It was a terrible childhood. Goddamn. It was like having a breakdown for 18 years
NEW York-based, Irish-born artist Seán Scully’s works are among the most sought-after by museums and collectors around the world. His exhibition of paintings, Doric, runs at Dublin City Gallery: The Hugh Lane until Jun 9.
Scully last showed in Dublin in 2011. In the previous few years he had undergone four operations, on his back and shoulders. “I’ve had another operation since,” he says. “I’ve used my body excessively, and I have to pay the bill now. The last operation was on my lower back. I had terrible sciatica, but it’s been a great success.”
Scully, who is also a printmaker, photographer and sculptor, has published several books on art. He speaks as he writes, in short, precise, assertive sentences. “I grew up in London, but I don’t speak like an English person, really. My accent’s been modified slightly, since I’ve lived in New York. There’s a little Irish in it, a little American and a lot of London.” He laughs: “People think I’m Australian.”
Since the late 1970s, Scully has lived in the US, where his career went stellar, but he is best defined as London-Irish. He was born in Dublin, in 1945, but his family moved to London when he was four. London is where he grew up, where he went to art college and found his way as a painter. His work, he says, is what happens “when you put the Irish heart and spirit in a disciplined relationship with the English work ethic.”
His grandmother kept a boarding-house in Highbury. “We used to have men come over from Ireland and rent rooms there. I remember them as being slightly built, wistful men. Men who were alone in the world, and who came to London to work for the conqueror.”
London is not just in Scully’s accent, it’s in his attitude too: as a young man, he trained in karate and dabbled in crime; there is much of the street fighter in the boldness of his art and his robust defence of painting.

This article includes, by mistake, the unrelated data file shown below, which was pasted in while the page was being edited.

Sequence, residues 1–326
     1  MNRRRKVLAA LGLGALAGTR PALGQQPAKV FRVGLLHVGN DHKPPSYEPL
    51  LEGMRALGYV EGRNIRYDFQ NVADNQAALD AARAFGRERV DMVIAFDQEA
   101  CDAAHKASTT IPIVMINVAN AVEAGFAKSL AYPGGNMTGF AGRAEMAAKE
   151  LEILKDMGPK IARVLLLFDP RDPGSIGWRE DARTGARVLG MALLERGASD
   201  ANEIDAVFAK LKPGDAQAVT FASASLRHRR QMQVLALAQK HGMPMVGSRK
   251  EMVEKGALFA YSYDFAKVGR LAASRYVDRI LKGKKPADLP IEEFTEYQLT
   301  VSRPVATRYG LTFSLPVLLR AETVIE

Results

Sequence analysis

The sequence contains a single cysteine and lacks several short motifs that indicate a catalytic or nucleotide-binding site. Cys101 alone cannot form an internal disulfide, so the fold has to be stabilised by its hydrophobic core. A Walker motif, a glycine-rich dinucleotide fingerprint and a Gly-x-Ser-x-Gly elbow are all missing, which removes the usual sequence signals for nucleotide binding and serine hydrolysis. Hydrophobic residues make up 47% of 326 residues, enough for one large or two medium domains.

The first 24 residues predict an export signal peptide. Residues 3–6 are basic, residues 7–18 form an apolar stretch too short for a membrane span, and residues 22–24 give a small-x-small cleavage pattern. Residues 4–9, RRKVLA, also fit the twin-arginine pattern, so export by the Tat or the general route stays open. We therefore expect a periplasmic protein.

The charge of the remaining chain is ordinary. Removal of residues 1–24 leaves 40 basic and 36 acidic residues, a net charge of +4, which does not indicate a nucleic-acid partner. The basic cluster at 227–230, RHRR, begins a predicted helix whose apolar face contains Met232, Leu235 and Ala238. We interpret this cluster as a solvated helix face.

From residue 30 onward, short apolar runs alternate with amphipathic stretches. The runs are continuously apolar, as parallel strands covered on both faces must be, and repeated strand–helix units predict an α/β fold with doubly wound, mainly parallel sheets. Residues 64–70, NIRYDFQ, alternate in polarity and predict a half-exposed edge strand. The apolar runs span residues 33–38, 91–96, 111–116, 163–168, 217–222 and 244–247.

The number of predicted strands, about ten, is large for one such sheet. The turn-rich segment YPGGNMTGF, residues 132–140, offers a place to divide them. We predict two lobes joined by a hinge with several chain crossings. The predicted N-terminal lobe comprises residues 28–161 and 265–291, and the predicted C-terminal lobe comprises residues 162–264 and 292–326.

Scully’s father, John Anthony, was a barber. Theirs was a difficult relationship. “He was a great worker, a great provider, and a man of great constancy and integrity. But, in a way, it was a terrible childhood. Goddamn. It was like having a nervous breakdown for 18 years. There was such pressure and tension in the house. It was electric. The aggression. The endless criticisms of us, my little brother and me. The endless discouragement.”
The Scullys came from Clonmel, Co Tipperary. Scully’s grandmother had seven daughters by her husband, John, who hanged himself rather than be bullied into joining the British army. “The British were such bastards,” says Scully. “They put ‘alcoholic dementia’ on his death cert, when the man took his own life out of principle. And as his occupation they put ‘traveller’.”
Scully’s grandmother, in grief, had a relationship with her late husband’s best friend, “and my father was the issue of that.” She had to leave Clonmel, moving to Dublin, and then to London, with her eight children.
“My father knew he was a ‘bastard’, but he always kept it a secret. He had a very difficult life, this little boy with seven older sisters. He was consumed, his whole life, by guilt and a sense of worthlessness. And he was an extremely traumatising father. But he did say to me, on the balcony of the house I bought them in the south of Spain — when I became a ‘rock star’ — he said, ‘I didn’t have a father, you know, I didn’t really know what to do.’ And it was sweet that he said that.”
Scully came of age in the late 1950s and early ’60s. He was a born rebel. “One thing I’ll tell you that shows I had the soul of an artist. My father used to worry about every penny. You know, if you went out of the room in the winter, he would shout at you, ‘Shut the bloody door!’, ’cos there was only one room heated. Our bedroom wasn’t heated. We had to put our feet against the wall because of the cramps, to shock the muscles,” he says.
“We had a mynah bird, a black one who could talk, so all summer I spent teaching this mynah bird to say, ‘Shut the bloody door!’. It got to the point where the mynah bird would be under the blanket at night. And I would go out, and my father would say, ‘Shut the bloody door!’. And then the mynah bird, from under the blanket, would say, ‘Shut the bloody door!’. And my father couldn’t say it anymore.”
Scully chuckles. “It was a fantastic move,” he says. “That shows the spirit of an artist. Because an artist is, in some way, subversive. Art works its way from underneath and is some way anti-power. And, of course, it’s very powerful, but not in the obvious way, not in the political sense. It’s making the fabric on which everybody walks, it’s making the culture, the underpinning, and this was a wonderful example of how a boy can turn something upside down and use it as a weapon. I was about 12, 13. The first time it worked perfectly, when I achieved my goal, I was covered, bathed, in satisfaction and triumph.”